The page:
City Council (View All)
Monday, January 23, 2017
ASHLAND CITY COUNCIL
Monday, January 23, 2017
Siskiyou Room, 51 Winburn Way
Council Chair Seffinger called the meeting to order at 5:54 p.m. in the Siskiyou Room.
Councilor Morris, Rosenthal, Slattery, and Lemhouse were present. Mayor Stromberg was absent.
Council Chair Seffinger moved agenda item #4. Preview of Climate & Energy Action Plan to agenda item #2 and the Look Ahead review to agenda item #4.
1. Public Input
Mark Decker/998 Clear Creek Drive/Noted an alternative to the Railroad Quiet Zone was installing Wayside horns. He submitted documents into the record describing how they worked.
Katie Crocker/134 Nutley Street/Explained greenhouse gas emissions continued to rise. If people did not act now, it would be too late. She referenced Young People’s Burden: Requirement of Negative CO2 Emissions by James Hanson to explain the need to reduce greenhouse gas emissions 8% yearly to get CO2 emissions to 350 parts per million. Waiting just one year increased the 8%.
Ken Crocker/134 Nutley Street/Ashland will continue to see increased temperatures, drought, large storm events, and fires. If James Hanson’s study was correct and ocean levels rose up to 5 meters within 50 to 100 years, it would affect the entire global population through mass migration. It would also affect the world economy, infrastructure, and all aspects of life. Humanity needed to take action.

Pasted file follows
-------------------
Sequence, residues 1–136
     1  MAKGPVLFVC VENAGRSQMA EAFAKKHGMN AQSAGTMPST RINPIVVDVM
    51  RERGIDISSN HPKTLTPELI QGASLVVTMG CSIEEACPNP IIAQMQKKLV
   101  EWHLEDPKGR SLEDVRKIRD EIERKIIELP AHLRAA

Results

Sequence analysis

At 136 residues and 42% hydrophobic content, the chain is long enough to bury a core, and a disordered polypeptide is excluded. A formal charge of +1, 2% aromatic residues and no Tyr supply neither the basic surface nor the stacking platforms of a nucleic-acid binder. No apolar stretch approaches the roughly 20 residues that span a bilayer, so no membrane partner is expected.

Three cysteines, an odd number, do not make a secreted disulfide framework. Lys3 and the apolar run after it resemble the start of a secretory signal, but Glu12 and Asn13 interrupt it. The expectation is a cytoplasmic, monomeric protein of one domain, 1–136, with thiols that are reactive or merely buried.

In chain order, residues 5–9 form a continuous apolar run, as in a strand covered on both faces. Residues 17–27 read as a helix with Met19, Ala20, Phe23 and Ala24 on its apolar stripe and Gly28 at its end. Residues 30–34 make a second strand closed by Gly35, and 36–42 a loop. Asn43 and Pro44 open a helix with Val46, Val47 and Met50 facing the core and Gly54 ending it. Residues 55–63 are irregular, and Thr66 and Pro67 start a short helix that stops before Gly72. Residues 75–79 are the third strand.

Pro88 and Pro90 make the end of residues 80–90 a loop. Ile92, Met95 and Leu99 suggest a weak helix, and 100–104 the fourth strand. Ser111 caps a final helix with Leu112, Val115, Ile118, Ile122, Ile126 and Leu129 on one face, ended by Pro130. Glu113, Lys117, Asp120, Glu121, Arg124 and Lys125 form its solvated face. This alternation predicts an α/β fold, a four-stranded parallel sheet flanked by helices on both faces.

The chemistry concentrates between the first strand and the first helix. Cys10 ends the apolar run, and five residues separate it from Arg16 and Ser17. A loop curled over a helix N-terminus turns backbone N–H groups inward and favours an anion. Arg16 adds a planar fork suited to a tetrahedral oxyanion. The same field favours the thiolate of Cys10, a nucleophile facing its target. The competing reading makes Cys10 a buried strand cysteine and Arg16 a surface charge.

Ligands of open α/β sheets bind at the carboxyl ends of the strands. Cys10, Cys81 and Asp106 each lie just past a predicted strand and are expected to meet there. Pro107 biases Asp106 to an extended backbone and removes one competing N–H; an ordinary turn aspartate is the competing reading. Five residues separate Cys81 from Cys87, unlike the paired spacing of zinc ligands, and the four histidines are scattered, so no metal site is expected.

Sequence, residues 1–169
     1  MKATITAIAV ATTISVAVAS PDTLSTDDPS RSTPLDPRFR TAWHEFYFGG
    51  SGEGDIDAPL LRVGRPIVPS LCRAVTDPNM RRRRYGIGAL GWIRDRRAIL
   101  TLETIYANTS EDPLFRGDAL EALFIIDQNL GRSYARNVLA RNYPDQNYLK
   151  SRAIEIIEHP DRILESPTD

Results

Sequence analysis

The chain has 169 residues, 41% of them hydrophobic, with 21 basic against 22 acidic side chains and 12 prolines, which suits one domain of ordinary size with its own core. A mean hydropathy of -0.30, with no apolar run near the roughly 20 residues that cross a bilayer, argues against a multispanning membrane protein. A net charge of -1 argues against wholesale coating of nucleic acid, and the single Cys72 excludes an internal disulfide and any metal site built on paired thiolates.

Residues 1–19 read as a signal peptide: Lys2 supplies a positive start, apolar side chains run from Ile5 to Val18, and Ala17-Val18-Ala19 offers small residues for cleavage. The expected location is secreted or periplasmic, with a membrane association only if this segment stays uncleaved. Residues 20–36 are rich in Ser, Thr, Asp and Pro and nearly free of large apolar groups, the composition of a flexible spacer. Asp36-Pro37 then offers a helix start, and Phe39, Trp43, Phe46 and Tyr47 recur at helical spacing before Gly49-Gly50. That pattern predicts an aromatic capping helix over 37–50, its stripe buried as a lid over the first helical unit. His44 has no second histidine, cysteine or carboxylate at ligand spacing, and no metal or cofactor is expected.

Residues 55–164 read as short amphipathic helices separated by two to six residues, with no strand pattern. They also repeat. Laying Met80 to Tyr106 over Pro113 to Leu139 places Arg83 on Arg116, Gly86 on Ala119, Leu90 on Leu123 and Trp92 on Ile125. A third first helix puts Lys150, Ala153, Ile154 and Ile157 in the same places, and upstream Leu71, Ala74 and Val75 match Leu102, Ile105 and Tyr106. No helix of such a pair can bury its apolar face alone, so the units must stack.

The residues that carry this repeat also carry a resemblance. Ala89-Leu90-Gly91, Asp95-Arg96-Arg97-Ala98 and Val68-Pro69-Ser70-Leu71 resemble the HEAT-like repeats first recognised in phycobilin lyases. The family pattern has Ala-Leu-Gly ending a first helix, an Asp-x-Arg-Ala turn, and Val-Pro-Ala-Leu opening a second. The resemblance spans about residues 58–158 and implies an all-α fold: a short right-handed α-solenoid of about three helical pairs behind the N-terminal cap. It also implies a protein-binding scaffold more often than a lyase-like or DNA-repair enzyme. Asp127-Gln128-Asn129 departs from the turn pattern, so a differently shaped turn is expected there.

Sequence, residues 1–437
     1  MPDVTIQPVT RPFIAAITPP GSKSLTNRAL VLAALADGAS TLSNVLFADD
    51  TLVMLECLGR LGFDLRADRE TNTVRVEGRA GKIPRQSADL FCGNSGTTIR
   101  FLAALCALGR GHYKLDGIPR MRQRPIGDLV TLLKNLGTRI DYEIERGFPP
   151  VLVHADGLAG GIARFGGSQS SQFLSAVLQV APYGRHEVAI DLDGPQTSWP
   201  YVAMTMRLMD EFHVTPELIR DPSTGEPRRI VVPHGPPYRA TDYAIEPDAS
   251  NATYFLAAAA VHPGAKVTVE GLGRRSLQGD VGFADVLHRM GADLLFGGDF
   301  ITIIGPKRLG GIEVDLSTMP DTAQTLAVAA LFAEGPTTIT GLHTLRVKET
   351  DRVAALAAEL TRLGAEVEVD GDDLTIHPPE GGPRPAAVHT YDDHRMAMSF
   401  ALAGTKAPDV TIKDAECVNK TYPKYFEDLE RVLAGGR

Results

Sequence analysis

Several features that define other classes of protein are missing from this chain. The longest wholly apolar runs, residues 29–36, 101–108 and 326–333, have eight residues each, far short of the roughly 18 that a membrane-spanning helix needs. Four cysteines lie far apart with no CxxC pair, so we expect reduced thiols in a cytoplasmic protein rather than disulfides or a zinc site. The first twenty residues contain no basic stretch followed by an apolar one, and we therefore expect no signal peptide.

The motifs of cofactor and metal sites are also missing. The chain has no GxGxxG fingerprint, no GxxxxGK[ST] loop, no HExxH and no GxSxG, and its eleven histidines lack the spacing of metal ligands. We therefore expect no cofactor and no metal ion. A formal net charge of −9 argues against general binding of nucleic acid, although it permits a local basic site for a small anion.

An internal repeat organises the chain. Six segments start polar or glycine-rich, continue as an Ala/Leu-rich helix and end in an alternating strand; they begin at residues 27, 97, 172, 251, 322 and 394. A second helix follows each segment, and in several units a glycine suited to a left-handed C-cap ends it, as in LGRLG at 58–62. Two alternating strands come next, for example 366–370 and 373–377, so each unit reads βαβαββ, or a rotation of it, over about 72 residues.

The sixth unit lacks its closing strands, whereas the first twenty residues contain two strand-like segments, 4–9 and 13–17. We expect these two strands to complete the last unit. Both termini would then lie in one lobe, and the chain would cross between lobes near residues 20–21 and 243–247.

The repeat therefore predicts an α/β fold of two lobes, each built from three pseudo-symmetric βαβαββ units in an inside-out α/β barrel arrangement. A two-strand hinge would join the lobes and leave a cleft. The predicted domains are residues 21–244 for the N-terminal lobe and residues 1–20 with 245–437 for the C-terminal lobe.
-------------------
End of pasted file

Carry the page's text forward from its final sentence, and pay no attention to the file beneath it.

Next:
Carly Norton/190 S Mountain Avenue/Supported Council adopting an ordinance to go with the Climate Energy Action Plan. It was important to take science based climate action to a local level. The ordinance would give a backbone to the Climate Energy Action Plan to stabilize the climate, protect the earth and future generations.
Maya Davis/9667 Wagner Creek Road/Talent, OR/Explained she got involved with the Ashland Youth Climate Action in response to the current election results. On inauguration day, the White House removed the web page dedicated to climate change and replaced with a page titled, “An America First Energy Plan,” that made no mention of climate change. A segment from that page stated, “That President Trump is committed to eliminating harmful and unnecessary polices such as the Climate Action Plan and the Waters of the U.S. rule. Lifting these restrictions will greatly help American workers, increasing wages by more than $40 billion over the next 7 years.” As a future American worker, she was very afraid that at the federal level, climate change policy would only get worse.
Carson Barry/134 Church Street/Was proud to have grown up in a community where an estimated 10,000 people showed up for the Women’s March as well as attend a High School taking drastic action for people who feel vulnerable. The City of Eugene passed the first climate ordinance in the U.S. in 2014. The Polytechnic University showed that after 10% of the population was on board with something, the rest would follow. She concluded with a quote from the City of Bend OR regarding climate change action.